Whatever the trend for the latest gadgets at the annual CES event in Vegas, there’ll always be room for humongous televisions. Though that’s only just literally the case with Samsung’s star prototype: a 146” television screen.
Dubbed “The Wall”, there’s no promise of it showing up as a consumer model during 2018: instead it’s currently just a concept model designed to make a visual impact at the show. If and when it shows up, you’ll need a wall space more than 10 feet wide.
Sheer size aside, what makes the TV interesting is that it doesn’t use the most common display methods of today, namely LCD and OLED. Instead the image comes from Micro-LED, which is effectively a smaller version of the billboards used to display video ads in Times Square and the like.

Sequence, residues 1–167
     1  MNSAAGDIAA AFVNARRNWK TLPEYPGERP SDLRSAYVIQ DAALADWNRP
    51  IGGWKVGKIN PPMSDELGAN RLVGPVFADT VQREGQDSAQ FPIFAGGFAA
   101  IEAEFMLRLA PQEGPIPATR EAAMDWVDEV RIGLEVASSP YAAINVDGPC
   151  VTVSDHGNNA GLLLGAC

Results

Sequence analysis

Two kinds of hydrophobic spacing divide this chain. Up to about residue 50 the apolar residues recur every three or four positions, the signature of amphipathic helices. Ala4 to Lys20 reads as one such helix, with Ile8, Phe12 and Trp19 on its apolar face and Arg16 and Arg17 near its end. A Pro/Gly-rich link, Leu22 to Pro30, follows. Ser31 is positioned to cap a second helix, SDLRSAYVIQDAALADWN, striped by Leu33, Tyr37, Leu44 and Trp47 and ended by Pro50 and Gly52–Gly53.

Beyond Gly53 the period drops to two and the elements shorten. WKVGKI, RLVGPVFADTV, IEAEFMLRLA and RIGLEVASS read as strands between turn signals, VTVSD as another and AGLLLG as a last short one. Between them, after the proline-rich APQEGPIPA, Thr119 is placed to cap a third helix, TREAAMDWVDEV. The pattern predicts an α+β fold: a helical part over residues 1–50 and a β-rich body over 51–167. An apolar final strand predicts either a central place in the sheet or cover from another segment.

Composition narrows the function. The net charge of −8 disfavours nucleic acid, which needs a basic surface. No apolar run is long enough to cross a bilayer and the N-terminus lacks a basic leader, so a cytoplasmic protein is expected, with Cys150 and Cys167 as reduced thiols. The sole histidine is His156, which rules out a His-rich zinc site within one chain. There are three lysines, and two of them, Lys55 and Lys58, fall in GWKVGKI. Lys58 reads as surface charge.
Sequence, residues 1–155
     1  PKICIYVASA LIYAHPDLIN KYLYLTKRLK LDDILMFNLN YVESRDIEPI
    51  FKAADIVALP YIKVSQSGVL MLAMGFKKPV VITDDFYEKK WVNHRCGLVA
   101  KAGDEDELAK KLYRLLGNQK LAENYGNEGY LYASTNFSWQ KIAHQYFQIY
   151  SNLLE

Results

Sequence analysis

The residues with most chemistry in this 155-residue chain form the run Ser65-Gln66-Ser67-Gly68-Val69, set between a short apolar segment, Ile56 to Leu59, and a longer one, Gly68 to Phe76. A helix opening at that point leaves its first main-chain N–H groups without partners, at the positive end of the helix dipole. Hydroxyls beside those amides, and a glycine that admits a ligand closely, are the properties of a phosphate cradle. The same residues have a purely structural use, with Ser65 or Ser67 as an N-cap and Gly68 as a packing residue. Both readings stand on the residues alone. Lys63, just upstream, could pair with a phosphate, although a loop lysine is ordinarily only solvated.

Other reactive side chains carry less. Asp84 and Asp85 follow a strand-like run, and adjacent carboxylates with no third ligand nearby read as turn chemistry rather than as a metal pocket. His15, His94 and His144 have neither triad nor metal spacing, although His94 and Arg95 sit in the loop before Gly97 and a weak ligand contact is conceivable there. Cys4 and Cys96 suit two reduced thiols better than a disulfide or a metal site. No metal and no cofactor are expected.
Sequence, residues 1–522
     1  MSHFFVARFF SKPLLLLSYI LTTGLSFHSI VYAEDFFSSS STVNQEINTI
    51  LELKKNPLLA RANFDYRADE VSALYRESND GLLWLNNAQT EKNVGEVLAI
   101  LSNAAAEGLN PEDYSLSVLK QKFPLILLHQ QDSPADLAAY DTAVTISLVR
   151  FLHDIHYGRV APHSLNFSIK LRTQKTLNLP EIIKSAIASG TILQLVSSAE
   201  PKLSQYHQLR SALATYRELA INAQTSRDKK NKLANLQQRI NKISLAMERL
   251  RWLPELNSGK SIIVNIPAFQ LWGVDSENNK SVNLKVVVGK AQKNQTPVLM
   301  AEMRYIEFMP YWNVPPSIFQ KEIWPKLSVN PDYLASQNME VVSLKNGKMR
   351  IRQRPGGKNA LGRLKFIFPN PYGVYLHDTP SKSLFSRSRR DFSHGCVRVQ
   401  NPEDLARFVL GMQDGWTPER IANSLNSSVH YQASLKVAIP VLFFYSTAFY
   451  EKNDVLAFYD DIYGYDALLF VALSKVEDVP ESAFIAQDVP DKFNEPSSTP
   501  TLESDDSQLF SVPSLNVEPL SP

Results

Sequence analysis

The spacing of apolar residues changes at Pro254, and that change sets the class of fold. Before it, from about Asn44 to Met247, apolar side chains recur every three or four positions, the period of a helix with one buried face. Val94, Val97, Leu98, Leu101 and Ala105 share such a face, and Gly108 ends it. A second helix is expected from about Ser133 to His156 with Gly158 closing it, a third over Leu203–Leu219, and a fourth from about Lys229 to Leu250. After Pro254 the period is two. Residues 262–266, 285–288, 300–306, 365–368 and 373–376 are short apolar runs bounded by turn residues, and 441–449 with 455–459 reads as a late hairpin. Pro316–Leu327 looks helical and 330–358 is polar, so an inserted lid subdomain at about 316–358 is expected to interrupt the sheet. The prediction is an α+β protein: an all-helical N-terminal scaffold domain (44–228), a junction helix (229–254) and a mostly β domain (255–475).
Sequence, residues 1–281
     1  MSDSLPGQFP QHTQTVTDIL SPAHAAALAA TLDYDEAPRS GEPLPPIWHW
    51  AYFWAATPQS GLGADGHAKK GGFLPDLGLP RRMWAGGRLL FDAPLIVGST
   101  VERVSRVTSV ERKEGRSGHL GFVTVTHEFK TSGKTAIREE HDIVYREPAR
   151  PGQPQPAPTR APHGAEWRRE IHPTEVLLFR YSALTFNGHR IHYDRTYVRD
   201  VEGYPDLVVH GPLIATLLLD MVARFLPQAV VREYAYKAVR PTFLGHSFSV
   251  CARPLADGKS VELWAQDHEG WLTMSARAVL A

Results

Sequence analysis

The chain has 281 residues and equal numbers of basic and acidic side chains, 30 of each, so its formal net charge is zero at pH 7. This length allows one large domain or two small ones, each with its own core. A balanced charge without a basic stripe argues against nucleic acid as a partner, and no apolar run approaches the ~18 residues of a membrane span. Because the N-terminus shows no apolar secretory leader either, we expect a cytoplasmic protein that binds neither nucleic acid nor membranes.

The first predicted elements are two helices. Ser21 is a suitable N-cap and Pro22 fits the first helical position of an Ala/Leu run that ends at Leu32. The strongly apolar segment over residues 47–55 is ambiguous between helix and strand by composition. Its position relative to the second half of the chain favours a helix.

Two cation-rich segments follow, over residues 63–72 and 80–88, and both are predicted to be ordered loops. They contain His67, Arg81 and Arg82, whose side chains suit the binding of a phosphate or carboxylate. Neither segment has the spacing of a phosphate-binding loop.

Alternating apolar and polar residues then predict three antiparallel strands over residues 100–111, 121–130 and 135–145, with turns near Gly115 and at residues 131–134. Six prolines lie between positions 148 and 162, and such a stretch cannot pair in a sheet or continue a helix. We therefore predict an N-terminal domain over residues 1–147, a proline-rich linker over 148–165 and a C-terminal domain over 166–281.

Each 0.8 millimeter ‘pixel’ in the screen is made of a batch of colored LEDs that can switch on or off and combine to give the pixel the required color. That means there’s no need for a backlight. The tiny LEDs use a combination of quantum dots and inorganic self-emissive diodes, which in practical terms means none of the excessive heat you might fear in what’s effectively a collection of millions of tiny lightbulbs.
Despite the size of the screen, the smallness of the pixels means that as long as you’re sitting far enough away to be able to see the full screen (around six feet), the individual pixels aren’t discernible.
Samsung also showed off two TVs that are more likely to go on sale this year: 85” and 65” models with an “8K” resolution (7680 x 4320). While there’s no real prospect of widespread 8K content any time soon, the company claims the sets can upscale content from as low-resolution as standard definition.